It was a cloudy and a but windy as well. We chose a destination at the meadows of Khaniyara. It oversee the forests, valley and the city of Dharamshala. The group was all set. They were draped in traditional costumes, mostly in vermillion. We briefed them a bit of how things will happen. Next they sat on the location and the cameras were ready. They began their programme by lighting the lamp  which is their typical traditional way to bring good luck. The musical instruments which the group were about to use were Harmonium, Tabla, kansi (cymbals) and dholki. The first song they sang were “Thande thande paniyo de” The song explains the beauty of Kangra, its lakes, coniferous trees and awesome weather. It especially depicts the lives of people, for example, children playing on swings and women plucking tea leaves. 

The other group members were as hard working and dedicated just like Vishwanath Ji. When few were asked how did they learn music. They responded, “Ji hamne koi aise teacher ke under toh nhi sikha bas sunte-sunte, gungunate hue, sikh liya” (Yes, we didn’t learn it under a teacher. We learned it by listening to it and humming it.) While others learned it from their guru. Many of the group members were guided by Bishwanath Ji and Om Prakash Prabhakar Ji, who is the group in charge. Most of the members are above 50 years of age and have done numerous performance throughout their lives. A lot of father-son and father-daughter couples are also present in this group. It is truly delightful to see that there is more than one generation in a single group. Not only does the younger generation learn music and songs directly from their elders, but they also understand the values. In a rapidly changing world, such a system of transmittance of knowledge leads to close interaction which is very crucial to conserve the loss of traditions.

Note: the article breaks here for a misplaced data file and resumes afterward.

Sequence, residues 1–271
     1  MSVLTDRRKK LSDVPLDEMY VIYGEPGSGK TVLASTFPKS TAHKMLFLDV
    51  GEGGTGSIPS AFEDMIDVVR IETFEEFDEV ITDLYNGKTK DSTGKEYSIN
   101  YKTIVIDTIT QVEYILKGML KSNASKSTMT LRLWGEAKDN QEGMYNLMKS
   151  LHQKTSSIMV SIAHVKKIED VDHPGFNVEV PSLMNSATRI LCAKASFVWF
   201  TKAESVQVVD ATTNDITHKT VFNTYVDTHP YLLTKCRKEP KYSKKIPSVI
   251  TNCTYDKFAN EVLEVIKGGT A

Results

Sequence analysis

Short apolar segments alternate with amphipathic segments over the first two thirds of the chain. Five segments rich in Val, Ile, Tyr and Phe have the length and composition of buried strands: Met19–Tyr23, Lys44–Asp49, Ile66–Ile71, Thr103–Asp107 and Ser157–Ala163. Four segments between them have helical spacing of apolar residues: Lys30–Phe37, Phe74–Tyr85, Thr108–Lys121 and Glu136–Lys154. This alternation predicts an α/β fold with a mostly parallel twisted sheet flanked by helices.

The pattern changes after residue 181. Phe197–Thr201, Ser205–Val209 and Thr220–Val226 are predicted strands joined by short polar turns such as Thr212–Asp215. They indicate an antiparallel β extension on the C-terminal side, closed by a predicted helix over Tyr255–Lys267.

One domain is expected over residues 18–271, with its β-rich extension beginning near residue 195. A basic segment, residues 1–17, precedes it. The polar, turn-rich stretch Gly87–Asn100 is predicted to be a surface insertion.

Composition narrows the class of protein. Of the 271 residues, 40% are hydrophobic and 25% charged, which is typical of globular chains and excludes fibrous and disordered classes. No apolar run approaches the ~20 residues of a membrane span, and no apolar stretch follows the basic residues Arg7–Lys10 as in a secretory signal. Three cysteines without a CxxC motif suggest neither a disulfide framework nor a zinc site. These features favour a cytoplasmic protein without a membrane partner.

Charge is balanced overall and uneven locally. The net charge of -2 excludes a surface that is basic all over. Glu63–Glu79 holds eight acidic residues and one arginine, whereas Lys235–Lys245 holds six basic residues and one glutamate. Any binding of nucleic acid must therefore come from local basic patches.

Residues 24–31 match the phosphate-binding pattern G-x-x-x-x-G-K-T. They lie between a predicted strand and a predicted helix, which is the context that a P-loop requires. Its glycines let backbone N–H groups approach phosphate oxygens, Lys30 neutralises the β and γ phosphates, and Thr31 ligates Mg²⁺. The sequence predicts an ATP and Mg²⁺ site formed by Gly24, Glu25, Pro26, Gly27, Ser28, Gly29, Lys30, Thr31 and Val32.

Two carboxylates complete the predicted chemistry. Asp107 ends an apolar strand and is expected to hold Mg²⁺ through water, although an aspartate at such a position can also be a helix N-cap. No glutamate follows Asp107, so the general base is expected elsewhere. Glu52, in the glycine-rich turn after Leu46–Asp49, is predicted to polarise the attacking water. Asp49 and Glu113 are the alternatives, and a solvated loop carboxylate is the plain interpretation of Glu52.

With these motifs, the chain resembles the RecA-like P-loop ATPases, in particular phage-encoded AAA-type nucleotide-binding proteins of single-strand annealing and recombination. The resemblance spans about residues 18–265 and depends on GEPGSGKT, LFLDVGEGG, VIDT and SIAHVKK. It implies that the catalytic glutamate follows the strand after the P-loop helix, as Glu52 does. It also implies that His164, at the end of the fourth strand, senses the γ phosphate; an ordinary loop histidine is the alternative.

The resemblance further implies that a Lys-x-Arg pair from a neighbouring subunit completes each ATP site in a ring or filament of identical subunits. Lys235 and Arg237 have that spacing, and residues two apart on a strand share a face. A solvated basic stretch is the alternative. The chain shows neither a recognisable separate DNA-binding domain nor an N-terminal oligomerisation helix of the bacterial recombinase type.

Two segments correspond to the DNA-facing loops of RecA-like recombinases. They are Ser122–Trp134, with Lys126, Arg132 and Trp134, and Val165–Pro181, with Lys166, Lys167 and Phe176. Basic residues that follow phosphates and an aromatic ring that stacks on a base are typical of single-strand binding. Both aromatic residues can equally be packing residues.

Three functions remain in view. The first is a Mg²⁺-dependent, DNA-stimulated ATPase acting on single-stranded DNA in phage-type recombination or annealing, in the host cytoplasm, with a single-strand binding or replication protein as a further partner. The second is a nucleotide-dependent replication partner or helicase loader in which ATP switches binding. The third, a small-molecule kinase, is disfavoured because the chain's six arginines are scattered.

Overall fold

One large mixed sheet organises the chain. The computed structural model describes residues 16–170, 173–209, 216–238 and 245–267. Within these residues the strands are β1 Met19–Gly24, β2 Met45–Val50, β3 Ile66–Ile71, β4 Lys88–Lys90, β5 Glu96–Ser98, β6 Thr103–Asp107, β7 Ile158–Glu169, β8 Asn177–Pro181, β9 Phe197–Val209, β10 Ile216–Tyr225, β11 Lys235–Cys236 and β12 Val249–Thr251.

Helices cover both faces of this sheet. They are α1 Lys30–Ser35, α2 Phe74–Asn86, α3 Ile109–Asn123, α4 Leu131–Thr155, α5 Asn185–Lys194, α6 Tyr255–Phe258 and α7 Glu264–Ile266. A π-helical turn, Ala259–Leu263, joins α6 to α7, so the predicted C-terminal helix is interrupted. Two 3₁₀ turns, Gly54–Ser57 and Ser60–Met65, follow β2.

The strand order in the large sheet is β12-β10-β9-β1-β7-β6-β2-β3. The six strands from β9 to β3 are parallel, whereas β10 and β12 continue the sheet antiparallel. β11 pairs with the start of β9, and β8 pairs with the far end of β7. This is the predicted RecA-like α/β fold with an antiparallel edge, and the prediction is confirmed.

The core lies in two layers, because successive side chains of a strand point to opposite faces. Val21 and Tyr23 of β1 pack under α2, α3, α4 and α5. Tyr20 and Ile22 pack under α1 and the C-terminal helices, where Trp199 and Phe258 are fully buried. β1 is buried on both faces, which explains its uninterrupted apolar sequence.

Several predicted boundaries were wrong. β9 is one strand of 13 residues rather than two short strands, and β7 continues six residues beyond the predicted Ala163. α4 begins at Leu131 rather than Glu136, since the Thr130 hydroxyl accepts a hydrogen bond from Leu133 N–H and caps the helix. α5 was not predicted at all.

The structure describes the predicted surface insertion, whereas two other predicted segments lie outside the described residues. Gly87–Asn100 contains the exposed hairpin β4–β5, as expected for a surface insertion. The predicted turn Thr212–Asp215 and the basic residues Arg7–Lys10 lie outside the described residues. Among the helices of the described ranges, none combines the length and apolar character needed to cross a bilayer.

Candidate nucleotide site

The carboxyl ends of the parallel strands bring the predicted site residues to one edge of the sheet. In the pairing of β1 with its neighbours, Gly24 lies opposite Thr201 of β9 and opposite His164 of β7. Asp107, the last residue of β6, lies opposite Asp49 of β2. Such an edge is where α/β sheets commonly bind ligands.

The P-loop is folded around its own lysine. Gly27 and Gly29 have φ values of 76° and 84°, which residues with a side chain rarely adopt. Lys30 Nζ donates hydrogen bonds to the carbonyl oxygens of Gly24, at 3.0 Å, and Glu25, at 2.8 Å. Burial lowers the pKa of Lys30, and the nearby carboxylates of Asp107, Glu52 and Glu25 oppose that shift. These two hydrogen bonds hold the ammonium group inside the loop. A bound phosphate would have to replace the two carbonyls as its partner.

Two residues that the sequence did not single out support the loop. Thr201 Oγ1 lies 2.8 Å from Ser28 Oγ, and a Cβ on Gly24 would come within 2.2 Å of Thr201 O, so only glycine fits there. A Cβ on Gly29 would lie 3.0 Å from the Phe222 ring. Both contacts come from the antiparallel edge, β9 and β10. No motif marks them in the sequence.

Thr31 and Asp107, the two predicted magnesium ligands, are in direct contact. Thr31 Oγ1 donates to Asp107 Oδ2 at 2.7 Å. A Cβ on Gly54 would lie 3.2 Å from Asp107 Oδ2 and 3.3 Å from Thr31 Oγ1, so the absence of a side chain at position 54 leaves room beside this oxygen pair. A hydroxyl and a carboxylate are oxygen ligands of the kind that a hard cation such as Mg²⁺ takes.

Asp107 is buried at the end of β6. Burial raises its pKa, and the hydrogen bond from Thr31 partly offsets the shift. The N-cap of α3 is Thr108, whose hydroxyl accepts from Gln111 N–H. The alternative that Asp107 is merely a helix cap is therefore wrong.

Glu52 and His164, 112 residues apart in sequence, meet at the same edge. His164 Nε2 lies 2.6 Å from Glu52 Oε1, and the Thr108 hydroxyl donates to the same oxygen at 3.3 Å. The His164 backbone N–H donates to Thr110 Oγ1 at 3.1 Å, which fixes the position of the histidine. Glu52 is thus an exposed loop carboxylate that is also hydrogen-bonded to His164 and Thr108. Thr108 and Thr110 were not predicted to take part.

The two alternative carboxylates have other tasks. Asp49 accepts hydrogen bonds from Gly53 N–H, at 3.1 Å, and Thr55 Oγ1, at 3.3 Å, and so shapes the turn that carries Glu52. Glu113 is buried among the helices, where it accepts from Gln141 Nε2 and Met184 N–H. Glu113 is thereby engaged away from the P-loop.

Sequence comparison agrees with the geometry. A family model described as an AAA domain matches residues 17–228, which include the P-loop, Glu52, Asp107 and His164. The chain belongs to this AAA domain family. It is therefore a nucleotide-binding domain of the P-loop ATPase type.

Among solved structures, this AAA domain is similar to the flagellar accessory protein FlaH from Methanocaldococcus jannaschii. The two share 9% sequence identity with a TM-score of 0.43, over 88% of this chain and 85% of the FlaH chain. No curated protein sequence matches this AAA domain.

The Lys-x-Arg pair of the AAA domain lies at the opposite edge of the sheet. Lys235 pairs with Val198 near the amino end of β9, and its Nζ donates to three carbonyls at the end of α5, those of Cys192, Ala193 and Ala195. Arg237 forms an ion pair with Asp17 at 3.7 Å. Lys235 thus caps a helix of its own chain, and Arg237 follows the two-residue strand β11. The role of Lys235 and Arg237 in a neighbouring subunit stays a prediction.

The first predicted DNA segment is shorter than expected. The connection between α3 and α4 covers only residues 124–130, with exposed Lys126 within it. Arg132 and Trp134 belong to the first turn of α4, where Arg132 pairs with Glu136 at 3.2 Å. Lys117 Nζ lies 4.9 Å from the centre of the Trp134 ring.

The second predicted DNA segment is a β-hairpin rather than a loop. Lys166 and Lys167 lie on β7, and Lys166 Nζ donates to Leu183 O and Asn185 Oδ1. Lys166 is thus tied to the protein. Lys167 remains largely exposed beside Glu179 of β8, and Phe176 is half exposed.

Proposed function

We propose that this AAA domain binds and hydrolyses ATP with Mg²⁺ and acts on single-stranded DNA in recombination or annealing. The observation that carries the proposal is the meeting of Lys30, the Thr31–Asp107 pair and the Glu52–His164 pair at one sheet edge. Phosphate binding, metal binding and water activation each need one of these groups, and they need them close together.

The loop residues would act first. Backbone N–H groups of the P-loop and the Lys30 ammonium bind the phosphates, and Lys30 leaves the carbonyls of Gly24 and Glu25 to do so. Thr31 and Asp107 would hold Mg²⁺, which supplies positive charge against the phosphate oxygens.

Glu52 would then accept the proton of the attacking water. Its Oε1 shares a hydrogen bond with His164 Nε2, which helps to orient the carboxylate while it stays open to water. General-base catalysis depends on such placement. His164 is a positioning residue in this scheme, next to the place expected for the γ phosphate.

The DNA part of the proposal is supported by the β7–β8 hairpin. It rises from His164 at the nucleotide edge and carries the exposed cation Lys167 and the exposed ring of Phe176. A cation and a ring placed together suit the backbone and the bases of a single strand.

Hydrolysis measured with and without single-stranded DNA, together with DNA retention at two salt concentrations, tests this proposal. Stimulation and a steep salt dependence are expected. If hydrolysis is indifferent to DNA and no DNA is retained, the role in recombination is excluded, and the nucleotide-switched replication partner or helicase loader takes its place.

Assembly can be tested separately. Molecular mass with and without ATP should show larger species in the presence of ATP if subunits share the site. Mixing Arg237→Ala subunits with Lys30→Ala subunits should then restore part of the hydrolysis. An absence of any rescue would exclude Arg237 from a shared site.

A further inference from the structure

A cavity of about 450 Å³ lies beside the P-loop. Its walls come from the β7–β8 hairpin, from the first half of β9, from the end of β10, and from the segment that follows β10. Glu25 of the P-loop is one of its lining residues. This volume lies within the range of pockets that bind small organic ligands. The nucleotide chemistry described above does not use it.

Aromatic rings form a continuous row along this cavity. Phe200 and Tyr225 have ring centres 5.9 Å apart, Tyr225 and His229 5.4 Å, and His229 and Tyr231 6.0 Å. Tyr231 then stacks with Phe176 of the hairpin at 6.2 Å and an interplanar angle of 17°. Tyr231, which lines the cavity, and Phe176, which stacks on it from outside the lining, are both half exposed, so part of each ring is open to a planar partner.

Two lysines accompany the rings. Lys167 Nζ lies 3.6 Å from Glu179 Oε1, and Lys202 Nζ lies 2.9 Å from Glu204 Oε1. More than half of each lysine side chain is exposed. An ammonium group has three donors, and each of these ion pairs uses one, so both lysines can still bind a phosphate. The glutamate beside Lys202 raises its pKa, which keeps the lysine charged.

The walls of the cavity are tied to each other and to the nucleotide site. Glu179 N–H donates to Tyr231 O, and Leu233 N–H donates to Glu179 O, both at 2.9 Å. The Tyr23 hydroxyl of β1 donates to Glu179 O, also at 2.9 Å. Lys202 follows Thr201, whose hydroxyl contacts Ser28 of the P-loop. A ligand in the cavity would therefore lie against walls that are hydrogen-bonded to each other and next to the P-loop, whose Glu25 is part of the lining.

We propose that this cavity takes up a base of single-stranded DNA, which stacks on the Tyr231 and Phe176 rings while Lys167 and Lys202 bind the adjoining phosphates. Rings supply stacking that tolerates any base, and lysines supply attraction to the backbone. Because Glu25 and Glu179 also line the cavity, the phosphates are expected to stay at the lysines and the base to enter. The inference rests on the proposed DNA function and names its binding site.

The second song they sang was a traditional Kangra song depicting its culture. The song was highly energizing. At the end two of the chorus singers started dancing to the beats of harmonium and dholak. We couldn’t help but join the group. One of them said, “I am 70+ years old but still can’t help dance when I hear music.” This group proved that learning has no age and when someone is passionate about something, he can surely do wonders. Drieven by music, Bishwanath ji says,”sangeet ke bina kuch nahi aur swar hi ishwar tak pohochne ka saadhan hai” (There is nothinhg without music and words are the only medium to reach the Almight)